The surviving stanzas are all cited in ÓH-Hkr (the prose contexts in ÓH and Hkr are the same, except where otherwise noted). Stanzas 6, 8/1-4 and 9/5-8 are also cited in Fsk and ÓHLeg (though the latter attributes only st. 9/5-8 to Sigvatr). Both Fsk and ÓHLeg (or their common source) select only those stanzas in which (according to them) Óláfr is said to have fought against Danes in England, bringing this aspect out in their prose introductions (see the Contexts for sts 6, 8 and 9, and Note to st. 6 [All]).
The prose texts agree that further battles followed the thirteen commemorated in Víkv 1-13, naming Karlsá or Karlsárós (possibly Cadiz), Varrandi (in France), Jungufurða and Valdi (both seemingly in England, nominative form of Valdi unknown), but of these only Varrandi is represented in Víkv, in st. 14, which does not contain a numeral. Fsk (ÍF 29, 170) says that the battle at Valdi was the seventeenth battle, which accords with the total number of battle-locations named in Hkr (ÍF 27, 6-34); the list in ÓHLeg (1982, 62) largely tallies, though with some slippage. It is possible that Sigvatr did actually compose on the three battles not represented in the poem, but (as in st. 14) failed to include ordinal numbers higher than thirteen, perhaps because of the difficulty of accommodating these longer words to the metre. Such stanzas without numerals would then more easily have been lost in the transmission of what is otherwise a tightly-organised poem.
This organisation has clearly influenced Fsk and ÓHLeg, which number most of the battles in the prose narrative even when they do not cite the relevant stanza, although there are some discrepancies. While both Fsk and ÓHLeg occasionally echo the wording of stanzas they do not cite (noted where relevant below), these echoes are not sufficiently extensive to confirm that the authors of these texts actually had a version of the poem before them.
The main ms. chosen for this edition is Kˣ, contra Fell (1981b, 106, 109), who chose Holm2, the main ms. of ÓH, on the grounds of its age and its place in the supposed stemma of Snorri’s works. However, although Kˣ is an early modern transcript, it is an excellent copy of its exemplar K (Kringla), which is dated to c. 1258-64 and thus possibly older than Holm2 (c.1250-1300). Further, Louis-Jensen (1997, 240) suggests that the K text of ÓHHkr can in fact be incorporated into the stemma of ÓH (see ‘Sources’ in Introduction to this volume). Ms. papp18ˣ, an independent copy of K, is used in stanzas where its readings are critical. For st. 15, J and J2ˣ also belong to the Hkr redaction (see Note to st. 15 [All]). The remaining mss used are: the ÓH mss Holm2, R686ˣ, J2ˣ, 78aˣ, 68, 61, 325V, Bb, Flat and Tóm for all fifteen stanzas, plus 325VI, 321ˣ, 73aˣ, 75c and 325VII for various subsets of these; the Fsk mss FskBˣ and FskAˣ for sts 6, 8/1-4, 9/5-8, and the ÓHLeg ms. DG8 for the same.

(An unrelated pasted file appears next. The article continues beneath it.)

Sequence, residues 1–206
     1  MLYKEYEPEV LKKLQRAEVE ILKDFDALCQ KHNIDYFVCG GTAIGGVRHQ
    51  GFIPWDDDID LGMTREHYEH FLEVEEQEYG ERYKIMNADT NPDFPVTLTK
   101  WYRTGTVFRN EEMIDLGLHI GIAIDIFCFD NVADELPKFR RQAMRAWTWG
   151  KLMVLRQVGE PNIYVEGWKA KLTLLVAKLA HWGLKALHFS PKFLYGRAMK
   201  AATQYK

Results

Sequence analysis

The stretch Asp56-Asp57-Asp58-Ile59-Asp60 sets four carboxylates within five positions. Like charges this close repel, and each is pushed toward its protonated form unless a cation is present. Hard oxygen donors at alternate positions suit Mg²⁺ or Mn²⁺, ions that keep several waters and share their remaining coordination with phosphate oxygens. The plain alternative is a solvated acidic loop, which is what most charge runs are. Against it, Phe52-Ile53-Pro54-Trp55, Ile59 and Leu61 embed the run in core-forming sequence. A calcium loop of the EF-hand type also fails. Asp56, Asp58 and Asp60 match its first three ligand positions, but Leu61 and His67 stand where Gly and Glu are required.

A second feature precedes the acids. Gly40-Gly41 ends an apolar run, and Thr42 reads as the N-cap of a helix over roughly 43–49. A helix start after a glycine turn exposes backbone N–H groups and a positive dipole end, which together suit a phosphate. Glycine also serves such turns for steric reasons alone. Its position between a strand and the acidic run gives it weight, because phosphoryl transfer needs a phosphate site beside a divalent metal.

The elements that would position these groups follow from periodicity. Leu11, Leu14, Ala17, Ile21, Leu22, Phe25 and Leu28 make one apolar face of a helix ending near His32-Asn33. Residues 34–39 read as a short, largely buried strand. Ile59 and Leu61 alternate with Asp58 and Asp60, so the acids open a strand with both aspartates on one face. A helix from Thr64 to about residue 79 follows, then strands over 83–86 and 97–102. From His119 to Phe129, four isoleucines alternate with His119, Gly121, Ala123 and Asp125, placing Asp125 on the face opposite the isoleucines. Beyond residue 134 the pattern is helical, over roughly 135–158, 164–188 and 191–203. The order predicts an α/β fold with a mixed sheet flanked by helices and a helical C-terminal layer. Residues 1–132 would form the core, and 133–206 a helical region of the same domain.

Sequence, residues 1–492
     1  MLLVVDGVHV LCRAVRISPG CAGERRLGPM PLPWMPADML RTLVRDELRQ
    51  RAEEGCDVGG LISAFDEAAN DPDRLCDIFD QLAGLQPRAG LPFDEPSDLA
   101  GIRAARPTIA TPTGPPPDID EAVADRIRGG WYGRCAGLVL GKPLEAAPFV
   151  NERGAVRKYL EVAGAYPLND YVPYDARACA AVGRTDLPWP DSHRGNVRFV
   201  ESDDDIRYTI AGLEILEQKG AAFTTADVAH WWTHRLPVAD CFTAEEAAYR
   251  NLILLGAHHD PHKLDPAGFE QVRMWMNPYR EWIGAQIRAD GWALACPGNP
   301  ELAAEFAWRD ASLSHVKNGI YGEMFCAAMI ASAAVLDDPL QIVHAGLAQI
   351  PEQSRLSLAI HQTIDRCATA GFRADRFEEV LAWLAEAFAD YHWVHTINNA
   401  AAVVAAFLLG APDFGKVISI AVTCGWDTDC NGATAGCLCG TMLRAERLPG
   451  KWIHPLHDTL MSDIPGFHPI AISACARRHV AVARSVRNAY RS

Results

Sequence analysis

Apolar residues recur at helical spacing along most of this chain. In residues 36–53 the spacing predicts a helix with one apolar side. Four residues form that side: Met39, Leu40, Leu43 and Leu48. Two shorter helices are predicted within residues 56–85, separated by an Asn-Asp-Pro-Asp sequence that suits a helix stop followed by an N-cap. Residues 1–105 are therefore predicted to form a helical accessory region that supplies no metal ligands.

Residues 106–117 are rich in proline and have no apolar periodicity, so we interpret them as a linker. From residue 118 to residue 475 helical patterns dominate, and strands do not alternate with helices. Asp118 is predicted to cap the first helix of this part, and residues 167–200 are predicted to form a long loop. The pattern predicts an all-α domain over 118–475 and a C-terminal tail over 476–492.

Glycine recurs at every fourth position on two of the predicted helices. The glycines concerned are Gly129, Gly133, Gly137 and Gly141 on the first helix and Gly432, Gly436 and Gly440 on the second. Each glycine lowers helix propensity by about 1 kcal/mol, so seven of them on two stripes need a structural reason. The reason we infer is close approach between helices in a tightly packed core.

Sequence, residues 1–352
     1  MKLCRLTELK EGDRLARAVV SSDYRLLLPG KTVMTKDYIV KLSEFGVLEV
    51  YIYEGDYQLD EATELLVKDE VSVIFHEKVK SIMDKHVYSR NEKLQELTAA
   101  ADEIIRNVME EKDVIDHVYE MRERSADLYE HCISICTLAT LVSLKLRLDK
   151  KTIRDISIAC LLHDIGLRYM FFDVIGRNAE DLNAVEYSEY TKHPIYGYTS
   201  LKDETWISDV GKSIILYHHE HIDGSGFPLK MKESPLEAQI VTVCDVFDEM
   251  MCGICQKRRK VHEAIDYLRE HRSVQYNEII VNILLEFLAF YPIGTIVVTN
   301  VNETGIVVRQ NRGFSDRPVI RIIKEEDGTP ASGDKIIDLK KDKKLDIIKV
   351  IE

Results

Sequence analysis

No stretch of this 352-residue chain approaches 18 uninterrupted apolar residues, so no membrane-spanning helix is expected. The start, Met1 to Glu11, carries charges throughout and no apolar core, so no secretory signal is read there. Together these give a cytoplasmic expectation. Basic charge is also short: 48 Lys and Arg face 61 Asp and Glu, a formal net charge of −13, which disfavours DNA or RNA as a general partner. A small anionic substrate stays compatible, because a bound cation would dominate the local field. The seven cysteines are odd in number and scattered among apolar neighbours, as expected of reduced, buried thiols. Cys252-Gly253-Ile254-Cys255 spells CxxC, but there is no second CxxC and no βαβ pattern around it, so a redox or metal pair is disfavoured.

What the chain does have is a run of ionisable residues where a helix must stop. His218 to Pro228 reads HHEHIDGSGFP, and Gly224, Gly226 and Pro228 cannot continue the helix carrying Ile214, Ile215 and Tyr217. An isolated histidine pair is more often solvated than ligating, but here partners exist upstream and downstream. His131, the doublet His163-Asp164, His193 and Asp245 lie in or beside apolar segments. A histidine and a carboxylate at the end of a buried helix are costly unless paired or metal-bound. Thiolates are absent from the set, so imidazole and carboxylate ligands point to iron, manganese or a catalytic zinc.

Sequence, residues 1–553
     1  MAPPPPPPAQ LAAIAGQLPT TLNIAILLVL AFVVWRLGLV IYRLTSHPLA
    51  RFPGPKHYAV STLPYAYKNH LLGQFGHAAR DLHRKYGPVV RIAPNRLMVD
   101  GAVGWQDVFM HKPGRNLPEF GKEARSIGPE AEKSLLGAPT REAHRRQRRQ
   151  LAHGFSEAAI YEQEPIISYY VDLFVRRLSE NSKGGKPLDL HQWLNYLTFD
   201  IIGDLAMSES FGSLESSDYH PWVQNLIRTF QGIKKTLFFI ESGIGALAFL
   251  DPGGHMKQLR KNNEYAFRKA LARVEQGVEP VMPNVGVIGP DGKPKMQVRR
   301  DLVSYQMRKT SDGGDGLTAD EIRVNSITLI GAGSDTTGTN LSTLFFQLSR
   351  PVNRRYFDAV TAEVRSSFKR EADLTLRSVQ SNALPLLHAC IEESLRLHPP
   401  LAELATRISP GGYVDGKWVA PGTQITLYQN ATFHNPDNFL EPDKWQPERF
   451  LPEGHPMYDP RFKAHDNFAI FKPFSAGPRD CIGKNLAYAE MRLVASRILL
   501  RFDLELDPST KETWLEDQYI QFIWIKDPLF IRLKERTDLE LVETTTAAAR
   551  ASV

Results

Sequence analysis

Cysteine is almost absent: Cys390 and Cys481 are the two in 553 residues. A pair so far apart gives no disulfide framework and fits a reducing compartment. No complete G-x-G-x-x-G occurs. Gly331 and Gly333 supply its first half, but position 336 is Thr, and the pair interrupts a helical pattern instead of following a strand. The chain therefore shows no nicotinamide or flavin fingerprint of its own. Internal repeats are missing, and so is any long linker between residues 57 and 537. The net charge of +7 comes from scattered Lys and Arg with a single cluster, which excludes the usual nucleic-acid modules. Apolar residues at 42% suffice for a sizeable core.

In addition to the standard editions of the poem as a whole in Skj and Skald and of individual stanzas in editions of relevant prose works, Víkv has been edited by Christine Fell (1981b) and Jón Skaptason (1983), and their editions are cited routinely below.
This page is used for different resources. For groups of stanzas such as poems, you will see the verse text and, where published, the translation of each stanza. These are also links to information about the individual stanzas.
For prose works you will see a list of the stanzas and fragments in that prose work, where relevant, providing links to the individual stanzas.
Where you have access to introduction(s) to the poem or prose work in the database, these will appear in the ‘introduction’ section.
The final section, ‘sources’ is a list of the manuscripts that contain the prose work, as well as manuscripts and prose works linked to stanzas and sections of a text.